This provides us with an error bound, telling us how bad the approximation will be in the worst case.

## Examples

Consider the function ${\displaystyle \left.\left.f(x)=e^{x}\right.\right.}$. This is a marvelous function, because it's equal to all of its derivatives. Hence the Taylor series expansion about ${\displaystyle \left.x=0\right.}$ is very simply computed:

${\displaystyle \left.e^{x}=1+x+{\frac {x^{2}}{2!}}+{\frac {x^{3}}{3!}}+{\frac {x^{4}}{4!}}+\ldots \right.}$

Hence, for example

${\displaystyle \left.e^{-1}=1+-1+{\frac {1}{2!}}+{\frac {-1}{3!}}+{\frac {1}{4!}}+\ldots \right.}$

Thus the ${\displaystyle \left.n^{th}\right.}$ degree Taylor polynomial that agrees best with ${\displaystyle \left.f(x)\right.}$ expanded about zero is

${\displaystyle \left.e^{x}=1+x+{\frac {x^{2}}{2!}}+{\frac {x^{3}}{3!}}+{\frac {x^{4}}{4!}}+\ldots +{\frac {x^{n}}{n!}}\right.}$

and the error of approximating ${\displaystyle \left.\left.e^{-1}\right.\right.}$ using this polynomial is going to be bounded by

${\displaystyle \left.|R_{n}(-1)|={\frac {1}{(n+1)!}}\right.}$

Hence, if we should desire an approximation of ${\displaystyle \left.\left.e^{-1}\right.\right.}$ to within a certain ${\displaystyle \left.\left.\epsilon \right.\right.}$ of its true value, then we should choose the ${\displaystyle \left.n^{th}\right.}$ degree polynomial such that

${\displaystyle \left.|R_{n}(-1)|={\frac {1}{(n+1)!}}<\epsilon \right.}$

In other words, find the first value of n that makes the inequality true above.

Problem #31, p. 499, Rogawski:

We're trying to approximate the function ${\displaystyle \left.\left.f(x)=e^{x}\right.\right.}$ with a Taylor polynomial about 0 (i.e., a Maclaurin polynomial). We know that

${\displaystyle \left.e^{x}=1+x+{\frac {x^{2}}{2!}}+{\frac {x^{3}}{3!}}+{\frac {x^{4}}{4!}}+\ldots +{\frac {x^{n}}{n!}}+{\frac {e^{\xi (x)}x^{n+1}}{{(n+1)}!}}\right.}$

so that

${\displaystyle \left.|e^{x}-\left(1+x+{\frac {x^{2}}{2!}}+{\frac {x^{3}}{3!}}+{\frac {x^{4}}{4!}}+\ldots +{\frac {x^{n}}{n!}}\right)|=|{\frac {e^{\xi (x)}x^{n+1}}{{(n+1)}!}}|\right.}$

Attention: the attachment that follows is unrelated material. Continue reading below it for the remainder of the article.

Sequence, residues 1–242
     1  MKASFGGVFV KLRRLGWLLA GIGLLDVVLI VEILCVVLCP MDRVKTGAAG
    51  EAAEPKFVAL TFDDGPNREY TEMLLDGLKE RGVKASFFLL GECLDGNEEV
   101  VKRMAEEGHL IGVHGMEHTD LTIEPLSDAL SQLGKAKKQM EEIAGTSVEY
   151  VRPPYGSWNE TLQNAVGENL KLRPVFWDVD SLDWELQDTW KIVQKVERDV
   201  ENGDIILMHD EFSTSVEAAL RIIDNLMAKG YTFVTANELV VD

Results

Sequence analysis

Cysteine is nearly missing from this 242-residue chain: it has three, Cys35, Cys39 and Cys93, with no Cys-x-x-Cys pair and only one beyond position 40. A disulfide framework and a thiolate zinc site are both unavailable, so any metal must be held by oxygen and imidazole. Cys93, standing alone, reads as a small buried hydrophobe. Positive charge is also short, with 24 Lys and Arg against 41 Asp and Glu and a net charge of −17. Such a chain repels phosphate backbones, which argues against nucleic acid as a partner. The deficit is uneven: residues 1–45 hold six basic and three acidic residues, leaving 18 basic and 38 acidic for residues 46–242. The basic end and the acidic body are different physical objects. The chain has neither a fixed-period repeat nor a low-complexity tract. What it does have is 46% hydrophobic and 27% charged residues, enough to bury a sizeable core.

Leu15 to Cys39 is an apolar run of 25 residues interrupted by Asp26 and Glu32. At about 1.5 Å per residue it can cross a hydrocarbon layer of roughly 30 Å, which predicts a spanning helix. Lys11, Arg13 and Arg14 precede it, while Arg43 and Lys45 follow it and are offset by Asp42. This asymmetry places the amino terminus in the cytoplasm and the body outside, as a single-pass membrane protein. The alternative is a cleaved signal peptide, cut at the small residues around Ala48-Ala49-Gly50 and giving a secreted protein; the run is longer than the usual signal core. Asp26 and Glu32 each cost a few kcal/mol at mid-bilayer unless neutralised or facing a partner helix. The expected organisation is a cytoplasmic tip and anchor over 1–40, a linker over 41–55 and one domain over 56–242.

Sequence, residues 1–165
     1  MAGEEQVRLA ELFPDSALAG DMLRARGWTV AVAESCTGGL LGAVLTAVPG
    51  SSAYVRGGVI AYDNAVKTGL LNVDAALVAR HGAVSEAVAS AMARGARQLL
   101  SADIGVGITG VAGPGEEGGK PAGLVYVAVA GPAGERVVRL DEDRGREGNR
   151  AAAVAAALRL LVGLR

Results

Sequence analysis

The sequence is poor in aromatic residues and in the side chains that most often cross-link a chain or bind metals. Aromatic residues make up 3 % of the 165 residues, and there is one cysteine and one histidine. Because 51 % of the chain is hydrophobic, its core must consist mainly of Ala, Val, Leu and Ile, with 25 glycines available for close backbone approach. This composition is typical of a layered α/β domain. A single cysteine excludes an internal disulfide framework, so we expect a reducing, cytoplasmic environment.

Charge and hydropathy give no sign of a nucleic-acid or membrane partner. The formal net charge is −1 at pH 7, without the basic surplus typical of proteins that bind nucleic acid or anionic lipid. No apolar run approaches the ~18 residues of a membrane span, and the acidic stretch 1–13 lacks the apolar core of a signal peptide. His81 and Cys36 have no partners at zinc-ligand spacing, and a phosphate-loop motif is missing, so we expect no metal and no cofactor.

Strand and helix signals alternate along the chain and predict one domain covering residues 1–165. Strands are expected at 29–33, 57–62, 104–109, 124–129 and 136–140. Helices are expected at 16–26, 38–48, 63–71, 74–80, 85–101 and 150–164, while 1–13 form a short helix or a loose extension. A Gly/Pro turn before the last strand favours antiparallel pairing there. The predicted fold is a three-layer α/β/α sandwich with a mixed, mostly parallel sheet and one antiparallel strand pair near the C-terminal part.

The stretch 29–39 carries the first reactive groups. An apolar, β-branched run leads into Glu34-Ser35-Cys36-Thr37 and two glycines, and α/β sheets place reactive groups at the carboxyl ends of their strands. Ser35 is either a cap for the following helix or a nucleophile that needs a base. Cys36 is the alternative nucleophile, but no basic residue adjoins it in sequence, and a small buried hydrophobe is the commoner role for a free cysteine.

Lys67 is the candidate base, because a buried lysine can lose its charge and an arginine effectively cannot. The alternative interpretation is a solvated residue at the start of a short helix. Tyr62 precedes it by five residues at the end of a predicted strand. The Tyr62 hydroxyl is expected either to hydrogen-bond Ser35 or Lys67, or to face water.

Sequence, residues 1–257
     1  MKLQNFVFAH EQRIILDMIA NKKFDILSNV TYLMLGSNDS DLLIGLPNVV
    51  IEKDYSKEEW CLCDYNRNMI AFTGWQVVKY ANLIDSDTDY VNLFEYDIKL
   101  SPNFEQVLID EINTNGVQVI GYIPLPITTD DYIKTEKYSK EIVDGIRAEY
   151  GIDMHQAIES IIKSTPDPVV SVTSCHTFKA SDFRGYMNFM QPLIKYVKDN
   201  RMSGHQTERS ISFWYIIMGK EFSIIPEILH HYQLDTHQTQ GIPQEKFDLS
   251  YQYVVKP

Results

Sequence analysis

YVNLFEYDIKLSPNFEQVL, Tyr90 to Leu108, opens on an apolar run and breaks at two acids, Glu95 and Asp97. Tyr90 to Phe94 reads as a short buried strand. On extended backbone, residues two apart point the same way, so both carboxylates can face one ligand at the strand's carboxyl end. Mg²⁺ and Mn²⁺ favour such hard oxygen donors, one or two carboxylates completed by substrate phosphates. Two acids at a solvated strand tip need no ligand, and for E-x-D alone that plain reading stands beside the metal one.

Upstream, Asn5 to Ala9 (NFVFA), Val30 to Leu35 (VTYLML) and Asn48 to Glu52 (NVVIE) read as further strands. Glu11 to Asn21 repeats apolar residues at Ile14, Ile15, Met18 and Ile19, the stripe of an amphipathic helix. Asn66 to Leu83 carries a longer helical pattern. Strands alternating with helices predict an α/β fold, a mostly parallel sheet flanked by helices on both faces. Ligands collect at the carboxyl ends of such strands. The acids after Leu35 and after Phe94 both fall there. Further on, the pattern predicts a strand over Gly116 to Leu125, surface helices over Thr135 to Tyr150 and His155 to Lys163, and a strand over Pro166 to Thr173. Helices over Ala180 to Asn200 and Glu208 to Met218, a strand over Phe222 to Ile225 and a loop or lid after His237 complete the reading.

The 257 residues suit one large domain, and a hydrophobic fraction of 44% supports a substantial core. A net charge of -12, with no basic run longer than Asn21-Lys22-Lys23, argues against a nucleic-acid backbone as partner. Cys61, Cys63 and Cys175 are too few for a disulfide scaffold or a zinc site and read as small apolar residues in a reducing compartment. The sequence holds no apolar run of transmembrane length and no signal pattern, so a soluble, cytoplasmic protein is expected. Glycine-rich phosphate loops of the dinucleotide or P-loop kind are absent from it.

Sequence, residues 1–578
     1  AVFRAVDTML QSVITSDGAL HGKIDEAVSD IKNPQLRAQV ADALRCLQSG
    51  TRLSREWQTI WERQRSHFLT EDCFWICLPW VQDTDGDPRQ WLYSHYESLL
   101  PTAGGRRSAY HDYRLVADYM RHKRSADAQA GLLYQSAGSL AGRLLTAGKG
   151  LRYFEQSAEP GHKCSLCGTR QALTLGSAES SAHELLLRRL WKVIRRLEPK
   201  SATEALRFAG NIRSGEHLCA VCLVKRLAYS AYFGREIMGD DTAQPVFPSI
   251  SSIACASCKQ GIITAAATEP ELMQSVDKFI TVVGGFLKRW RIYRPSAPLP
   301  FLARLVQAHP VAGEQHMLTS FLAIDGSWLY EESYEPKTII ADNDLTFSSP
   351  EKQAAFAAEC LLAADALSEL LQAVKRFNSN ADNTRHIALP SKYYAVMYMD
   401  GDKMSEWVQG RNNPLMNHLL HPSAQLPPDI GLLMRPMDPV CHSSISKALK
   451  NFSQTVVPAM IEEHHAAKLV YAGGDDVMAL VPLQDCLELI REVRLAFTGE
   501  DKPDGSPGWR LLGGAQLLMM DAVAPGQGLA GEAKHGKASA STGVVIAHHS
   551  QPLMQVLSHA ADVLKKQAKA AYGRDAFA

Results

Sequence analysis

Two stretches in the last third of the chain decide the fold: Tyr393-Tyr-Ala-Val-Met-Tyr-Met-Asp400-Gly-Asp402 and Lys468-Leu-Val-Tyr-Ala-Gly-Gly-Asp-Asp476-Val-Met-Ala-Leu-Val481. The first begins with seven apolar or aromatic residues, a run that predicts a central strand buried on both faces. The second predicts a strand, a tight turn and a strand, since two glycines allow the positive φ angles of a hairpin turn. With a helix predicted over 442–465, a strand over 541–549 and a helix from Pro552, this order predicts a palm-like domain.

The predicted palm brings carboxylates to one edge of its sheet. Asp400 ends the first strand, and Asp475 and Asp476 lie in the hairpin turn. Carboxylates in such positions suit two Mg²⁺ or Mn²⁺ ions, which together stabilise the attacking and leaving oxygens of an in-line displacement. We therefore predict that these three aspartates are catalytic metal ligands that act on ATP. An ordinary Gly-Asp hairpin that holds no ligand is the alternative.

The claim is that for a given value of ${\displaystyle \left.x=c\right.}$ the derivative term ${\displaystyle \left.e^{\xi (c)}\leq {e^{c}}\right.}$.

In this problem, ${\displaystyle \left.\left.c=.1\right.\right.}$, and ${\displaystyle \left.\left.\epsilon =10^{-5}\right.\right.}$. Find n.

## Application: Muller's Method

One of the most important applications of the linearization ${\displaystyle \left.L(x)\right.}$ is in root-finding: that is, finding zeros of a non-linear function via Newton's method. Taylor series allow us to generalize this technique. Since we can easily find the roots of a quadratic, why not introduce the quadratic approximation, rather than the linearization? Why not use the "quadraticization"?

Given function ${\displaystyle \left.f(x)\right.}$, and a guess for a root ${\displaystyle \left.x_{0}\right.}$. We would first check to see if ${\displaystyle \left.f(x_{0})=0\right.}$. If it is, we're done; otherwise, we might try to improve the guess. How so?

Use the quadraticization ${\displaystyle \left.Q(x)=f(x_{0})+f^{\prime }(x_{0})(x-x_{0})+{\frac {f^{\prime \prime }(x_{0})}{2}}(x-x_{0})^{2}\right.}$, and find a zero of it:

${\displaystyle \left.x=x_{0}+{\frac {-f^{\prime }(x_{0})\pm {\sqrt {(f^{\prime }(x_{0}))^{2}-2f(x_{0})f^{\prime \prime }(x_{0})}}}{f^{\prime \prime }(x_{0})}}\right.}$

This is Muller's method, an iterative scheme for improving the approximation of a root. Notice that there are two roots: how would you choose the root you want?

(By the way: the form of the root given above is not necessarily the best formula to use to compute the root. It is, however, formally the correct value of the root.)

### For example:

• Let ${\displaystyle \left.f(x)={\sqrt {x}}-x\right.}$; then ${\displaystyle \left.f^{\prime }(x)={\frac {1}{2}}x^{-1/2}-1\right.}$ and ${\displaystyle \left.f^{\prime \prime }(x)={\frac {-1}{4}}x^{-3/2}\right.}$.
• Guess: ${\displaystyle \left.x_{0}=4\right.}$ (pretty bad guess! ${\displaystyle \left.f(4)=-2\right.}$)
• Improved guess: ${\displaystyle \left.x_{1}\approx 1.1660104885167257\right.}$
• Now do it again! After another go, ${\displaystyle \left.x_{2}\approx 1.0004246508122367\right.}$
• Once more: ${\displaystyle \left.x_{3}\approx 1.0000000000095643\right.}$
• Once more: ${\displaystyle \left.x_{4}\approx 1.0\right.}$

It's like a miracle... but it's just mathematics!

Muller's method generally converges faster than Newton's method, and can produce complex zeros (which Newton's method can never do, starting from a real-valued function).